APRIL 2014 BAD FAITH CASES: COURT CLOSELY SCRUTINIZES PLAINTIFF’S EXPERT AND GIVES DETAILED OPINION ON LIMITS TO THAT EXPERT’S TESTIMONY AND GUIDELINES ON HOW EXPERT REPORT MUST BE MADE AND PRESENTED TO SURVIVE A MOTION TO STRIKE THAT TESTIMONY (Philadelphia Federal)
In Leporace v. N.Y. Life & Annuity Corp. the insurers filed a motion to exclude expert testimony, on plaintiff’s bad faith expert. The expert was previously by one of the defendants that handle claims for an insurer defendant. She affied that she has worked in the field of disability insurance for seventeen years, and left the employment of the defendant after having a senior management position. Subsequently she has served as an expert in a number of disability insurance claims.
She has testified in 72 depositions, 43 of which involved cases administered by defendants, and in ten trials which involved defendants. The court stated that the Plaintiff may be able to qualify her as an expert on the topic of industry standards insurers should follow or reasonable determination of disability benefits.
Her affidavit did not specifically state to what extent she gave testimony based on defendants’ policies and practices while she was still employed by defendants or thereafter; and the court ordered the plaintiff’s counsel to provide specific information about cases in which she testified about defendants after her employment.
The court expressed doubts about here expertise on policies and procedures that may have existed when her employment ended (2001), and the time period at issue, 9 years later, “which are doubtfully relevant in this case unless plaintiff can establish these same policies and practices continued to 2010 and forward.
The Court also noted that a good deal of the expert’s opinions were based on two specific studies/reports, from 2003 and 2004; and although she relied heavily on these two apparently separate items, she did not specifically show that she has any knowledge that these were relevant to the plaintiff’s claims for the period 2010 to the present time.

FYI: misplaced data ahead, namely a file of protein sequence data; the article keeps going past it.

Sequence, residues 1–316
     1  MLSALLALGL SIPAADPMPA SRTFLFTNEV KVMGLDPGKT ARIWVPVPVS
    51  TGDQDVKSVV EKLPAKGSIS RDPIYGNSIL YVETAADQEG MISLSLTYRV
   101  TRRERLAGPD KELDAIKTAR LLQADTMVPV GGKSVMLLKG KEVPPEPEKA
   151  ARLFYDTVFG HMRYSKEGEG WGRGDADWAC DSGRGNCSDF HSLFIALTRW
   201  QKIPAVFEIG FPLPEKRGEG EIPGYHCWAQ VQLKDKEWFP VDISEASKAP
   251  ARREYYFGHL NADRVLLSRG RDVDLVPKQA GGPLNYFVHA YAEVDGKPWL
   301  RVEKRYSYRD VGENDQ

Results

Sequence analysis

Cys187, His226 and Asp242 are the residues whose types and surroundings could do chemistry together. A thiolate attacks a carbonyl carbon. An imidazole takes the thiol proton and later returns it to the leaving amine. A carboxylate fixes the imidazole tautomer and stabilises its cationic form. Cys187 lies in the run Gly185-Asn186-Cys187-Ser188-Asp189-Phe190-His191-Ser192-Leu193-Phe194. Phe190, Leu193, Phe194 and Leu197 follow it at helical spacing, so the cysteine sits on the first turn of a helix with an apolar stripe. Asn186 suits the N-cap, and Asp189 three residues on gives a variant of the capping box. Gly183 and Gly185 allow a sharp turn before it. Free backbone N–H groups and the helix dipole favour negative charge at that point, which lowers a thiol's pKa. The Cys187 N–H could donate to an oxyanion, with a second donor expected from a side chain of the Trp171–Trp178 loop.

One of the reports appeared to review past events, and without any evidence defendants’ conduct described in that report continued to the present day, this evidence was merely propensity evidence of prior bad acts, and would not admissible under FRE 404(b)(1).
Therefore, the Court would be inclined to reject any reference to this report unless plaintiff can show the conduct found in it continued through the 2010 forward period, with evidence other than defendants’ conduct toward plaintiff.
As to the second report, to the extent that plaintiff can show that it establishes standards for future conduct by defendants, which applied as of 2010 forward, the expert’s testimony about it may be relevant as a benchmark against which the jury may measure what defendants did or should have done in investigating and determining plaintiff’s claims for reinstatement of benefits.
Assuming that plaintiff meets this evidentiary threshold, the expert may be allowed to give opinions, based on her review of defendants’ practices with regard to defendants’ 2010 and forward policies and practices and whether they were in accord with the second report.